Center for Educational Innovation

Academic Affairs and Provost

Converting Your Course for ALC

Not every class needs all the technology available in this classroom. But for courses where students can show their work via the computers or even teach part of the classes themselves, this is a great environment for collaborative and participatory teaching and learning. When converting a course, consider what types of information can be illustrated via technologies in classroom. Build in opportunities for students to lead the discussion using the technologies in the classroom.
— Bernadette Longo, U of MN OIT Faculty Fellow

Using the space and technology effectively will require changes in your course, and you probably won't get it right the first time. Often it is not an easy, seamless conversion to teach effectively in an ALC. It takes time, support, and experience to truly consider your curriculum and how to redesign it to effectively teach and maximize student learning in an ALC. Creating and preparing course material (lectures and in-class activities) for the semester in advance will make the transition to this teaching style less stressful. Take advantage of the University's resources by working with teaching and technology consultants and/or using online resources and emerging evidence as to how student's learn.

I think if I had two more iterations, by the time I had tweaked the approach I would be making pretty much optimal use of the smart room and [the space] probably would matter [to the student learning outcomes].
— Longtime U of M Instructor

Course Planning

Rather than starting with the material that you want to cover during the semester, begin planning your course with your desired outcomes in mind.

Key Questions to Ask

  1. What do I want my students to know and be able to do as a result of this class?
  2. What are the assignments that would allow me to see that my students have achieved the outcome?
  3. What do I have to do in and out of class to prepare students to achieve the goals?
  4. How can I use the space and technology to help achieve learning objectives?

Certainly what I think is the most important thing about spaces… is that the space has to be amenable to your pedagogies if your pedagogies are going to be as effective as they can be.
— Longtime U of M Instructor

Planning Activities

…the time spent in the small discussion groups is really time truly spent on bringing up and correcting misconceptions--applying problems and principles to real-life, problem-solving resolutions.
— Longtime U of M Instructor

Because methodology behind the ALC is grounded in problem-based, collaborative learning, it is crucial to plan in-class activities that effectively take advantage of ALC space and technology. The space itself shifts class dynamics. As one instructor explained: "The round tables—the fact that they are looking at each other, instantly changes their relationship with each other." It also affects their relationship with the instructor and the instructor's role, which becomes more like a facilitator.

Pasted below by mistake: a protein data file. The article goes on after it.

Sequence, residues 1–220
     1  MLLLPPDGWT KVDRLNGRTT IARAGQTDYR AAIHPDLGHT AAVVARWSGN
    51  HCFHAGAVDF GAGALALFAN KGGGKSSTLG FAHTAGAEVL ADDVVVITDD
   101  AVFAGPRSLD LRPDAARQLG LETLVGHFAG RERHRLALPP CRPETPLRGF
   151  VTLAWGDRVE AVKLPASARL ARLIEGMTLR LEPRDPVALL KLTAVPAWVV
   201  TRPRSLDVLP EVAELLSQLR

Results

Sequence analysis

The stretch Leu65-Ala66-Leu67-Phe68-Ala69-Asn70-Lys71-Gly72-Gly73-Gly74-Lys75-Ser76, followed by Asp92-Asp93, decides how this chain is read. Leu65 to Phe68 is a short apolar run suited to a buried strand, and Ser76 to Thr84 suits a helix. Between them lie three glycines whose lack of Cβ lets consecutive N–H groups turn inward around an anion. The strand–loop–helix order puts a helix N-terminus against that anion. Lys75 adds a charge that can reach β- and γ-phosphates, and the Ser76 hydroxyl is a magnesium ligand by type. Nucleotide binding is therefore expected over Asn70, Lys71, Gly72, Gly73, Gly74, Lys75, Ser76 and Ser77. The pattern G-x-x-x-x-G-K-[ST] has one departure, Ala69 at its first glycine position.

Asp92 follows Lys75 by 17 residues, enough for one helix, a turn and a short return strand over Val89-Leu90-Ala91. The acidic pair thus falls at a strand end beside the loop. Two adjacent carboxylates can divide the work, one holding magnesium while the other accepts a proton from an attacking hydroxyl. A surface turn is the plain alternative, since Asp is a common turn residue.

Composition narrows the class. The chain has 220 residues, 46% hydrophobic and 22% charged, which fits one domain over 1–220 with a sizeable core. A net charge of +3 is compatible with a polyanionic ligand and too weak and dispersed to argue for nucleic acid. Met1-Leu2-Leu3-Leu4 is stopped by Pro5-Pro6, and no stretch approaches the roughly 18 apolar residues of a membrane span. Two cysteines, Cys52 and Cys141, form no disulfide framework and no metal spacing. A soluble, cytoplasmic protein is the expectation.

Even with the most careful planning, it is not always obvious in advance whether an activity will work the way that you had hoped; they can be difficult to design properly. Finding a balance between the length of an activity for a potentially complex concept and achieving learning outcomes can be challenging. A number of factors affect what is the most appropriate length of an activity. The length of the activity should be proportional to the length of the class itself. In general, this teaching style is better suited to longer classes. Longer activities or ones that require interaction between teams (e.g., commenting on others' solutions) will also be more successful in a class with more instructors or TAs or other kinds of infrastructure support.

Characteristics of proven activities in an ALC:

  1. Support the lecture (and vice versa!)
  2. Can be completed quickly
  3. Provide detailed written instructions with time limits clearly indicated
  4. Require students to work together and be accountable to each other (i.e., cannot be completed by an individual)
  5. Do not have a single correct answer
  6. Able to be broken down so that students can work on pieces and then integrate them
  7. Require students to take different perspectives or come up with alternative approaches
  8. Take slower students into account in estimating length of time
  9. Technologies used enhance the activity rather than complicating it or adding no value

Getting Help

If you are teaching a class with multiple sections, collaborating with the other instructors on planning can help make your life easier and improve the course itself. Whether you are teaching with others or not, there are lots of places to turn for help at the departmental, collegiate, and University levels.

  1. Office of Classroom Management
  2. OIT's Academic Technology Support Services
  3. Center for Educational Innovation Consultation Services
  4. Center for Educational Innovation’s Course Design Tutorial

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